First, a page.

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Lampetra fluviatilis neurotrophin homolog, descendant of a neurotrophin ancestor, discloses the early molecular evolution of neurotrophins in the vertebrate subphylum
Uppsala University, Disciplinary Domain of Medicine and Pharmacy, Faculty of Medicine, Department of Neuroscience, Developmental Neuroscience. (Hallböök)
Uppsala University, Disciplinary Domain of Medicine and Pharmacy, Faculty of Medicine, Department of Medical Biochemistry and Microbiology.
Uppsala University, Disciplinary Domain of Medicine and Pharmacy, Faculty of Medicine, Department of Neuroscience, Developmental Neuroscience.
1998 (English)In: Journal of Neuroscience, ISSN 0270-6474, E-ISSN 1529-2401, Vol. 18, no 21, 8700-8711 p.Article in journal (Refereed) Published
Abstract [en]

We have isolated a neurotrophin from the lamprey that permitted us to perform a phylogenetic analysis of the neurotrophin gene family that dates back more than 460 million years to the early vertebrate ancestors. The results show that the neurotrophin gene family was originally formed by two subsequent duplications. The duplication that formed nerve growth factor, neurotrophin-3, brain-derived neurotrophic factor, and neurotrophin-4/5 occurred after the split of lampreys but before the split of cartilaginous fish from the main vertebrate lineage. Compilation of chromosomal gene maps around the neurotrophins shows that they are located in paralogous regions, suggesting that the genes were formed at major duplication events possibly by complete genome doubling. Analysis of two isolated Trk receptor sequences shows similar results as for the lamprey neurotrophin. Multiple neurotrophin and Trk genes, including neurotrophin-6 and -7, have been found in bony fish, and we suggest that the extra genes were formed by an additional duplication in the bony fish lineage. Analysis of lamprey Trk mRNA expression in the adult brain shows that the genes are expressed in all regions analyzed so far. Together, the results suggest that the duplications of ancestral neurotrophin and Trk genes at an early vertebrate stage have permitted evolution to bring about differential neurotrophin and Trk expression, thereby allowing the formation of specific functions in selective neuronal populations.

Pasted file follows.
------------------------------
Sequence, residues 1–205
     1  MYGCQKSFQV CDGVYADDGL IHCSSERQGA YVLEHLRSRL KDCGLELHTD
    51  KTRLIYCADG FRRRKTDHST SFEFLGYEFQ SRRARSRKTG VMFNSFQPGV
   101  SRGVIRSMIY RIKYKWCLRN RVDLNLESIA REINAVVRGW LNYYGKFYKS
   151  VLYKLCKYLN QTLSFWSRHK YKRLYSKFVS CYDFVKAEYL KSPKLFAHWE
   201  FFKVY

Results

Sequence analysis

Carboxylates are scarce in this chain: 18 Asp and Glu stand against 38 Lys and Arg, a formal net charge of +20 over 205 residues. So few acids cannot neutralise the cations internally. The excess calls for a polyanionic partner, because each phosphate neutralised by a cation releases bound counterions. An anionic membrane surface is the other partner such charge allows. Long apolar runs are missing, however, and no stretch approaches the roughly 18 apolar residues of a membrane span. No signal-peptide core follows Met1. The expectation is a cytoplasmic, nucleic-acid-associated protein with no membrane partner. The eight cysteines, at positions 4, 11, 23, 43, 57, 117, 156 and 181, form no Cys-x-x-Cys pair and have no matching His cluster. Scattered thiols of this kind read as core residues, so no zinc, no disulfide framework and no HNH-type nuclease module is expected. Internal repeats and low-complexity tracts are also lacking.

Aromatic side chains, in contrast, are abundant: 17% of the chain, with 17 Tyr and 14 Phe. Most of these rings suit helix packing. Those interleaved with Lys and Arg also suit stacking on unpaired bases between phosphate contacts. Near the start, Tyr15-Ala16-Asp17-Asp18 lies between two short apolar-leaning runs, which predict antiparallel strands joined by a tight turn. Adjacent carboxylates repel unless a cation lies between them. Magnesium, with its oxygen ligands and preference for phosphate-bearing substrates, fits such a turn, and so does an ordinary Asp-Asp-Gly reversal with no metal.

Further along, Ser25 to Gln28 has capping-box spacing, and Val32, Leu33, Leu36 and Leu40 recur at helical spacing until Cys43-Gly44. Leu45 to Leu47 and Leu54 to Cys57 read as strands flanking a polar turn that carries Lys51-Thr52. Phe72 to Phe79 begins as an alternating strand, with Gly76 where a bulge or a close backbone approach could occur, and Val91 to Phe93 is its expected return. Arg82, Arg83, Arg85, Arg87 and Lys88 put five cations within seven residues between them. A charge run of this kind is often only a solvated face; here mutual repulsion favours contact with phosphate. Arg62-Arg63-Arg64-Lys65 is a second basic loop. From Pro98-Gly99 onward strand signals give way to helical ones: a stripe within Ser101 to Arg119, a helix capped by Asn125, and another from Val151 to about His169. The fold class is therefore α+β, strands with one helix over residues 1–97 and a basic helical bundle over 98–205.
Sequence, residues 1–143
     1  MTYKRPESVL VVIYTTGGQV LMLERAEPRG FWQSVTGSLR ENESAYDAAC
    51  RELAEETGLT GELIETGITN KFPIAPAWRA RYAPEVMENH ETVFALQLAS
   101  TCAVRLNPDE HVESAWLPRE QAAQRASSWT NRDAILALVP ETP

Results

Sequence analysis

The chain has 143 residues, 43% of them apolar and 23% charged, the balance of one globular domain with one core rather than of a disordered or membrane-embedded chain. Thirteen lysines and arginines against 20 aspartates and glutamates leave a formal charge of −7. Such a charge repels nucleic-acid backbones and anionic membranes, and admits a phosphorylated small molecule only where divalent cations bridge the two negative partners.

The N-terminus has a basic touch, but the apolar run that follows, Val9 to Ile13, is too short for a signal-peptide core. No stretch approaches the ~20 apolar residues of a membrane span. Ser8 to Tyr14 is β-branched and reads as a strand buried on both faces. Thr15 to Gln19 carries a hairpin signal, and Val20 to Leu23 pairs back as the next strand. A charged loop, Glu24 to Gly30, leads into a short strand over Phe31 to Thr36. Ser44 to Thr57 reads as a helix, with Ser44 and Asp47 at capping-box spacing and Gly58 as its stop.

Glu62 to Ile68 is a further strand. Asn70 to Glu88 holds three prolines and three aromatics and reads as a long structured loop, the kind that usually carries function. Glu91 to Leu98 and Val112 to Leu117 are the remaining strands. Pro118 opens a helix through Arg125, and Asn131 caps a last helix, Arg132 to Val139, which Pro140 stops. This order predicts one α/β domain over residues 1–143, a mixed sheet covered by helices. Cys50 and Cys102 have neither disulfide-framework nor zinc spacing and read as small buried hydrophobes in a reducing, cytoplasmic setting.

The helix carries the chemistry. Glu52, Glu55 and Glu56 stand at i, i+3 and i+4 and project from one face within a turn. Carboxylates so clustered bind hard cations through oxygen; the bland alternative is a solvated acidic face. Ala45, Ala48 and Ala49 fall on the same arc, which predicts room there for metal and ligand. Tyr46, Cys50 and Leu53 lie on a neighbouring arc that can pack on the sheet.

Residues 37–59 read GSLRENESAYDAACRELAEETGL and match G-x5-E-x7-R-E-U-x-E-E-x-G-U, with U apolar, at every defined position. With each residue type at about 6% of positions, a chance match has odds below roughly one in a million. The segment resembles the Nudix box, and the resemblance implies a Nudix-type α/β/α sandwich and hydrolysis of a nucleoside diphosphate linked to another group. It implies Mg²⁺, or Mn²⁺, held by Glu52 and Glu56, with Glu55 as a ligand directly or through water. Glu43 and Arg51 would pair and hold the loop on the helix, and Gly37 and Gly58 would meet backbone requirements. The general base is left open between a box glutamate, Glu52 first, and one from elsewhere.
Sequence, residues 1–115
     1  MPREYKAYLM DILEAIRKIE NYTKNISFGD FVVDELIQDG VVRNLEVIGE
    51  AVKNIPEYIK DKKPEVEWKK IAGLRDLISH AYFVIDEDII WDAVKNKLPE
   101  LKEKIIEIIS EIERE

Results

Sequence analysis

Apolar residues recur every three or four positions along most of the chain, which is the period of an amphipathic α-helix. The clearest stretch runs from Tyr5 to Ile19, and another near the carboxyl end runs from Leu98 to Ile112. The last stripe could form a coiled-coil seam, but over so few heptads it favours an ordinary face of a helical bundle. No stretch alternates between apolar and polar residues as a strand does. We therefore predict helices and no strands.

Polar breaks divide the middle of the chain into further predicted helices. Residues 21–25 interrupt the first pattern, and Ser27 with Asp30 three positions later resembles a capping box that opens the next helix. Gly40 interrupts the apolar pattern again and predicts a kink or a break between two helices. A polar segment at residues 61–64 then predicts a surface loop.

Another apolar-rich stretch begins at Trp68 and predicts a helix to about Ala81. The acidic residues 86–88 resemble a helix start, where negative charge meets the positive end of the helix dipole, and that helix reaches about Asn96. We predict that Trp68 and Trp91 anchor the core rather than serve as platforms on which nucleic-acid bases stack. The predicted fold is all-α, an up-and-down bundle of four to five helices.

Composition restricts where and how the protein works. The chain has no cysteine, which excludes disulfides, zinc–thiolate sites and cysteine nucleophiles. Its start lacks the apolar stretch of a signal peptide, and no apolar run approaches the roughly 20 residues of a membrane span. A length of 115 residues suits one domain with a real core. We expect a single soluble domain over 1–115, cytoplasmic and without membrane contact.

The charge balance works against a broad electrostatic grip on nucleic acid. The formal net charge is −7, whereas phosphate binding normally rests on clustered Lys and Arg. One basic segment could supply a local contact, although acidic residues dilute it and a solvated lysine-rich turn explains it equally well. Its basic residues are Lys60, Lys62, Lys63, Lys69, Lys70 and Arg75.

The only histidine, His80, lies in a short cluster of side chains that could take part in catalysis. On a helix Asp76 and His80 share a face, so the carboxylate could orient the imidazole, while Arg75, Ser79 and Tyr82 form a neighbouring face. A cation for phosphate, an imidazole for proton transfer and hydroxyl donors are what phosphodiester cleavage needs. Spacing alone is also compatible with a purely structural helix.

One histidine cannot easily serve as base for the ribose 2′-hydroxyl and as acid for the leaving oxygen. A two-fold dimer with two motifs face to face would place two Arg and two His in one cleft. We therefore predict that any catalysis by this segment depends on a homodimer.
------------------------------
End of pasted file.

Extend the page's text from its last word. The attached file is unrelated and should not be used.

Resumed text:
Place, publisher, year, edition, pages
1998. Vol. 18, no 21, 8700-8711 p.
National Category
Neurosciences
Identifiers
URN: urn:nbn:se:uu:diva-52698PubMedID: 9786977OAI: oai:DiVA.org:uu-52698DiVA: diva2:80608
Available from: 2008-10-17 Created: 2008-10-17 Last updated: 2017-12-04Bibliographically approved

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PubMedhttp://www.jneurosci.org/content/18/21/8700.long

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Hallböök, FinnKullander, Klas

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